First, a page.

I stand by the thrust of my observations (supported by your admissions): that I have difficulty accepting the assessment of intellectual capacity from an individual who acknowledges his dotage, or diminished intellectual capacity. 

needs to stop wrote on November 16, 2011 at 6:11 pm

Yes, I am speaking out on the seriousness of the happenings at The High School of St. Thomas More. For the students that were involved in this, shame on you! I am very tired of young adults acting badly, not taking responsibility or accountability for your actions. Poor or bad behavior should not go unpunished nor should it be looked upon as “OUT OF SIGHT OUT OF MIND”. What are you young adults going to do when you get out into the real world and mommy and daddy are no longer there to bail you out or make up excuses for poor or bad behavior? This is not how life works!<?xml:namespace prefix = o />

A man that was committed to young adults and their futures, a man that was committed to Catholic education is no longer a part of The High School of St. Thomas More. More importantly his job position was taken from him in a time of economic uncertainty. He is a husband, a father a caregiver a provider for his family and now he has no job. Did the people that were involved in this heinous act even stop and consider the impact on the future of the person they chose as their scape goat? This is not the way Christians are supposed to act or treat their fellow brothers or sisters.

The high school and the Peoria Diocese I feel are not acting responsibly with the issues at hand. We the community of The High School of St. Thomas More received an automated voice recording telling us of the leadership change at the high school. None of us have received an automated voice recording saying that the school board of directors will hold a special meeting to discuss the issues and inform the school community of what is going on so that there will be no more hearsay or misconstrued comments or stories going around. Issues are far too often over looked and bigger more complicated issues arise from this. We all have seen this in the media over the last week with the happenings at Penn State. The school board and the Peoria Diocese need to step up to the plate and give the school community solid informative answers.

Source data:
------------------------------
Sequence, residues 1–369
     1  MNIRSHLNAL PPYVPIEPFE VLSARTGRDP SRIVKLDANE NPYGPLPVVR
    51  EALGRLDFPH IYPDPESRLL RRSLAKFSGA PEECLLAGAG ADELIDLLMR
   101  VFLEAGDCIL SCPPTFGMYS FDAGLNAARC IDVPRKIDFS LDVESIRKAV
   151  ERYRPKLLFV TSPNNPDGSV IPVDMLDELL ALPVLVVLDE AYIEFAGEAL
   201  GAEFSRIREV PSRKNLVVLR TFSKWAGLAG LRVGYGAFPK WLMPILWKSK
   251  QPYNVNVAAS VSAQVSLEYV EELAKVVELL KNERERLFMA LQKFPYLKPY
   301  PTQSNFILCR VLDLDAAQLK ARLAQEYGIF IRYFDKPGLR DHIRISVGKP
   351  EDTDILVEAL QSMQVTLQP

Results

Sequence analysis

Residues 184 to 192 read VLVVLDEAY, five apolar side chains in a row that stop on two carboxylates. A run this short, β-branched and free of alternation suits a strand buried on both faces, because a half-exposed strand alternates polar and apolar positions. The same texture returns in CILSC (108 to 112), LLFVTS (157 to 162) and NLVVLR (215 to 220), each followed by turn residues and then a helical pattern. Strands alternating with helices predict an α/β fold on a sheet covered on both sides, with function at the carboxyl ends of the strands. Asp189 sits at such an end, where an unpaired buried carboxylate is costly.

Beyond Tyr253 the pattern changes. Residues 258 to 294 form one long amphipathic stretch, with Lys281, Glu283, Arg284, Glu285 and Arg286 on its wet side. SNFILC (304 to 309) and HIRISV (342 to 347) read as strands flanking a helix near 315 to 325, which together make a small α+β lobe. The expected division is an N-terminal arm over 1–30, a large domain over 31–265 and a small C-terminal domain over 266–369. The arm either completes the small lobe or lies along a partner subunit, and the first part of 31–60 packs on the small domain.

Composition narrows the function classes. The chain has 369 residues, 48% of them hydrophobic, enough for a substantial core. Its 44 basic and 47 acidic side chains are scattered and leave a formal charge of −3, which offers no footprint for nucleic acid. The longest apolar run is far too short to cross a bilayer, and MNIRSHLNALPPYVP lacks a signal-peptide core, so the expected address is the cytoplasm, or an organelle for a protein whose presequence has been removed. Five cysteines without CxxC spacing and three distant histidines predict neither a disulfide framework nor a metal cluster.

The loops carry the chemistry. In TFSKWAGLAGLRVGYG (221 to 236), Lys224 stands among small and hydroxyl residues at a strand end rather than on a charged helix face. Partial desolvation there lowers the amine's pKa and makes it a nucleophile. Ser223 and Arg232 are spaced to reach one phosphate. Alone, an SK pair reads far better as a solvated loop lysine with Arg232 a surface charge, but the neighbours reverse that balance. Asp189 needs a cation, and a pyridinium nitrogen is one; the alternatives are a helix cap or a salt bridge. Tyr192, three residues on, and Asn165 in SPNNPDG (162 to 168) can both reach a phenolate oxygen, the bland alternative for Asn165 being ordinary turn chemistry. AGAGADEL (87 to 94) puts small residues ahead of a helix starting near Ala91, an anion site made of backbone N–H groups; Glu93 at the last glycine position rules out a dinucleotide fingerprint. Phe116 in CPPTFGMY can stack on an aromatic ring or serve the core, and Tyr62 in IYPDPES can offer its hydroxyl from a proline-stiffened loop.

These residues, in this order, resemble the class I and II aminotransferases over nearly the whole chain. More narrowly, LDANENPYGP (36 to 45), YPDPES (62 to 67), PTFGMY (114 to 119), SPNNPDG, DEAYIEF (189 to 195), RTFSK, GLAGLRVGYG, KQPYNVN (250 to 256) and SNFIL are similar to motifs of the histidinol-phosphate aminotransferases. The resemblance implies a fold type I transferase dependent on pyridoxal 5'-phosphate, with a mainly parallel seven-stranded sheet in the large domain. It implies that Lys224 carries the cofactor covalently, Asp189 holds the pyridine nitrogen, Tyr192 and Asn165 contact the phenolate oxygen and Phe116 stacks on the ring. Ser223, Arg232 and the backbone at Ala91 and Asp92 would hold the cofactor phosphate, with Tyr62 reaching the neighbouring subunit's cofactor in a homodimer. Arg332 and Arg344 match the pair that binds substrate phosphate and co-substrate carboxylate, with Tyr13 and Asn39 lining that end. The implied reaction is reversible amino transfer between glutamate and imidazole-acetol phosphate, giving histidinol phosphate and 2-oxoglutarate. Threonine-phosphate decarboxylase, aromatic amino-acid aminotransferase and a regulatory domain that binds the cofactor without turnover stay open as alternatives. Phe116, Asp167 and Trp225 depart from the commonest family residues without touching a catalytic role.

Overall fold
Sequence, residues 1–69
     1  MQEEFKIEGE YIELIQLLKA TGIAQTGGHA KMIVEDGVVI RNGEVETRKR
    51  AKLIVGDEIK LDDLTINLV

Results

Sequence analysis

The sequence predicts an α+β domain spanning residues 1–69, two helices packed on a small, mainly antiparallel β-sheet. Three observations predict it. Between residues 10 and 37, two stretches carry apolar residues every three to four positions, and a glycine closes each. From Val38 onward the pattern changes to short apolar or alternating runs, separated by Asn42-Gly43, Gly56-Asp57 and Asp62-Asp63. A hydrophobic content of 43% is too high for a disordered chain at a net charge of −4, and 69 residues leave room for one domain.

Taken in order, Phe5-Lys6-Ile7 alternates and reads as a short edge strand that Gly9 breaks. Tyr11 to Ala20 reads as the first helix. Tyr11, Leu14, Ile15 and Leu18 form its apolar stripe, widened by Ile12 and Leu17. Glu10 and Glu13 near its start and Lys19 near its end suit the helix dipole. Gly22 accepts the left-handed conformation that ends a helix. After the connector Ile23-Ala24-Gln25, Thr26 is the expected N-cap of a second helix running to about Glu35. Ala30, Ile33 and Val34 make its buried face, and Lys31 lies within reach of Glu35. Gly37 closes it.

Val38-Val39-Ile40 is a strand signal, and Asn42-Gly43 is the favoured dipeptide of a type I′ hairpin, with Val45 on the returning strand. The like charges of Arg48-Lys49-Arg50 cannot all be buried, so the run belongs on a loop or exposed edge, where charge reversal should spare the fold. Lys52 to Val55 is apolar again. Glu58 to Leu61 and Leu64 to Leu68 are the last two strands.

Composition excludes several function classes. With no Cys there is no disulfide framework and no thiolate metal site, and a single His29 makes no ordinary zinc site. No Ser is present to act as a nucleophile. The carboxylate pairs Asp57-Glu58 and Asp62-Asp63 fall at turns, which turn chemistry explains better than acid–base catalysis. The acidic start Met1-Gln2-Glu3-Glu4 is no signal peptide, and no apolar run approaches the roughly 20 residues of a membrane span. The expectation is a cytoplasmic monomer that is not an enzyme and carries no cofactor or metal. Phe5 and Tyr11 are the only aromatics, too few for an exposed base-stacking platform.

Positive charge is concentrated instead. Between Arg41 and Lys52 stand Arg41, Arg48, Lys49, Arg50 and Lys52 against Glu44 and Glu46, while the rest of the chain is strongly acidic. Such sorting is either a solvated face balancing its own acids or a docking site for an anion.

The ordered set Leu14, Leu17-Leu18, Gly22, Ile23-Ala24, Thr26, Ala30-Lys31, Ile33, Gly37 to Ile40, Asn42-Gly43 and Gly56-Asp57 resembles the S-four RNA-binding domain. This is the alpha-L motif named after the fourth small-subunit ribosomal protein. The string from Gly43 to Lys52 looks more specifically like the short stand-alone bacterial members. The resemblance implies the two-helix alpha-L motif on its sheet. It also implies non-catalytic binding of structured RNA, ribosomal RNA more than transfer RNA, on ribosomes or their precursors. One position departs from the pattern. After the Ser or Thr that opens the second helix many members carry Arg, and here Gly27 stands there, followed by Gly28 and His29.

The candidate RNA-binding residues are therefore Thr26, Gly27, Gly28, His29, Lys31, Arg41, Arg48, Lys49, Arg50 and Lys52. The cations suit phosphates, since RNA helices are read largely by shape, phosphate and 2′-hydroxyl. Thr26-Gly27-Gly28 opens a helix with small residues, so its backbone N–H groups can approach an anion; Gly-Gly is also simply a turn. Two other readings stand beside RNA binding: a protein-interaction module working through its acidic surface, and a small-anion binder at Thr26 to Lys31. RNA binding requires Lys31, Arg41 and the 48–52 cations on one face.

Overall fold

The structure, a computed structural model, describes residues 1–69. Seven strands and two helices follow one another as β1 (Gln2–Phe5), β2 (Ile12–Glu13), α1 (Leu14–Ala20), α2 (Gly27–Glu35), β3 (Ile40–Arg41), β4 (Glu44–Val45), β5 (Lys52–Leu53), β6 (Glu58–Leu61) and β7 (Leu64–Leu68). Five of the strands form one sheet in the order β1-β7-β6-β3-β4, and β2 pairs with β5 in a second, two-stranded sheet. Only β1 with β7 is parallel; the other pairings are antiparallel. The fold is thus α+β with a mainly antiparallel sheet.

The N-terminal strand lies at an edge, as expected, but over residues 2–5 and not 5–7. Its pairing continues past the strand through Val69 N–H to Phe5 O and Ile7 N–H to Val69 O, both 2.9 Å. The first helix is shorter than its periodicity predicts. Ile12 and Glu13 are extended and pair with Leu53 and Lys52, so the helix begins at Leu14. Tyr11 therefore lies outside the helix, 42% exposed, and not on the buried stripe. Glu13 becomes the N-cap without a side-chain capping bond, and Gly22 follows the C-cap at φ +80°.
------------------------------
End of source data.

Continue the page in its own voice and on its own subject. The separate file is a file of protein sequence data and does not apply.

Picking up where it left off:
In the know wrote on November 16, 2011 at 8:11 pm

Drink COKE and write the Diocese of Peoria to correct what appears to be a bad misunderstanding. I commend the students of STM for staying true to Mr. Millage and showing the highest level of maturity dealing with this crisis in Champaign County!

I-L-L wrote on November 16, 2011 at 9:11 pm

Can someone explain what exactly happened? People are alluding to things but it isn't clear what really happened.

FactChecker wrote on November 16, 2011 at 10:11 pm

If the Diocese hasn't told anyone the details surrounding Tim Millage, then how does anyone know he was fired?  Do the employment laws in Illinois allow a company to give details about the termination of an employee?  My understanding is that a company opens itself up to a lawsuit if it discusses employee terminations - they can not tell anyone the reason for termination because it could jeopardize the employee from getting a new job elsewhere.  I think everyone is looking in the wrong direction - if you want answers, you probably need to go to the only person who actually knows ALL the facts:  Tim Millage.

Feltrino wrote on November 16, 2011 at 11:11 pm

"Do the employment laws in Illinois allow a company to give details about the termination of an employee?"


Yes, they do.  The law certainly does not prohibit it.  If a company discloses the truth, and the person does not get a job as a result, the company is not liable.  That doesn't mean the person won't sue.  In fact, there are circumstances that require that a company tell another company about the firing of an employee or risk liability for not warning the other employer.


Knowing the answer (getting fired) is not necessarily consistent with the facts.  It sounds like a lot of people know the facts and they do not add up to the answer.  If this is the case, the school is not likely going to speak for fear of liability.

FactChecker wrote on November 17, 2011 at 7:11 am

I spoke to a human resources director who told me that if the Diocese/school were to put out the details of this situation, they would be opening themselves up to a huge lawsuit.  On the other hand, Mr. Millage is free to speak about it.

And if there were children involved in a situation that caused his termination, giving those details is only going to make matters worse for the children.  I don't believe anyone has the right to know the details of this except the people involved.  All the speculation and accusations are not productive for the school or the students.

 

Feltrino wrote on November 17, 2011 at 8:11 am